Slavery and the African diaspora in the public health of Brazil
Work in progress – by Kaori Kodama and Tânia Salgado Pimenta
It is estimated that Brazil received about 5 850 000 Africans during the centuries when the slave system existed in the Luso-American world. During the 19th century around 2.5 million people were transported from Africa to Brazil, where slavery only ended in 1888. The African influence on the Brazilian population is enormous, justifying the strong tradition of slavery studies in the country.
Despite the importance of the Afro- descendant presence in the Brazilian population, academic attention to slave health and the health history of Afro-descendant populations was minimal for most of the 20th century, limited to a few doctors interested in writing the history of their discipline. This began to change in the final decades of the century, though only very recently has the history of slave health started to become a fruitful field of investigation. The renewed interest in the history of slave health and Afro-descendant populations is the result of several factors, notably recent public policies emphasising the need for the country to deal with racial questions, such as the creation in 2003 of the Secretariat for the Promotion of Racial Equality, and the higher level of specialisation of historians themselves.
For public health historians, the development of more in-depth studies related to slave health helps to elucidate the living conditions of Africans brought to the American continent by force, as well as allowing a critical review of what doctors in the past understood as ‘slave diseases’ or diseases imported from Africa. It was common for doctors to believe that some of the diseases they observed were typical of blacks, or that some of the principal endemics and epidemics in Brazil originated in Africa. The diseases considered as ‘black illnesses’were dysenteries, hookworm, scabies, ophthalmia, smallpox, ‘piã’ (yaws), maculopapular rash (gangrene of the rectum), tetanus and Arab elephantiasis (filariasis). The slave trade was also linked in the discourse of doctors to specific diseases, such as scurvy (also known as Luanda disease) and ‘nostalgia’, an illness of the spirit that led many slaves to commit suicide. It was common to associate the occurrence of epidemics, especially of smallpox and different ‘fevers’, with the growth of the slave trade during times of epidemics. Doctors’ ideas about the ‘importing of diseases’ could signify a discourse that condemned not only slavery but also Africans and their continent. It also preserved a positive image of Brazil, stating that the diseases present in the country had an exogenous origin.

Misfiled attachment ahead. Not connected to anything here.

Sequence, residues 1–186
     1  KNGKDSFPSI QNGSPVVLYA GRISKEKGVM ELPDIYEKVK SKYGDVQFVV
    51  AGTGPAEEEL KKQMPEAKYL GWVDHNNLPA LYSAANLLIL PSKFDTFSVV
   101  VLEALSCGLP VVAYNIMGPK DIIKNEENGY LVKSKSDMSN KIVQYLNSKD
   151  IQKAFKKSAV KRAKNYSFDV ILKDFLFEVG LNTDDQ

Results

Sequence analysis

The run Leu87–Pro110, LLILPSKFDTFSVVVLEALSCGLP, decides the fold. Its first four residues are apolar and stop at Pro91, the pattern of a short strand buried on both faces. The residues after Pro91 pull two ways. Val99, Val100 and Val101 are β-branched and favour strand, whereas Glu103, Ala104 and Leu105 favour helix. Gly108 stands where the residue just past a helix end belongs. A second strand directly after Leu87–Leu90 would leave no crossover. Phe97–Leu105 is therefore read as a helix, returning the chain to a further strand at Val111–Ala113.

Diseases linked to Africans were also discussed in investigations of their living conditions. Classifying these diseases is complex: a disease which now has a specific known cause may have been identified by different names in the past; conversely, illnesses caused by different agents may have been identified as the same disease because of similarities in symptoms. Despite this, studies have made advances by relating diseases to more general questions about the daily conditions faced by slaves and freed slaves, such as poor alimentation, lack of care and excessive work, taking into account specific contexts referring to rural and urban areas, fluctuations in traffic, customs and beliefs, family and community organisation, social relations and legislation.
Another important point is related to healing practices exercised by Africans and their descendants and the healthcare to which they had access. Research about the origins of enslaved Africans gives us a better understanding of their shared cosmological visions. Among these was often the idea that disease was caused by the actions of malevolent spirits or by people using witchcraft or sorcery. Thus, investigating the concepts of health and disease and related therapeutic practices during the 19th century can help to explain the preferences of a considerable part of the population for popular healers to the detriment of official medicine.
Furthermore, it has also been possible to identify solidarity networks created by slaves and freedmen that provided some protection and care in the case of disease, as well as allowing an improvement in living conditions and even the purchasing of freedom by captives. These networks may have been created through various criteria as well as belonging to the same African ethnicity. For example, most of the bloodletters were slaves or freedmen, whose wisdom and experience were passed onto other individuals in this condition. They carried out a fundamental activity in the universe of the arts of healing in Brazil, showing how the understanding of public health and medicine has been enriched by the questions raised in studies of the history of slave health.
Kaori Kodama is a Visiting Researcher at Casa de Oswaldo Cruz/Oswaldo Cruz Foundation, where Tânia Salgado Pimenta is a Researcher and Associate Professor on the Postgraduate Programme in the History of Sciences and Health.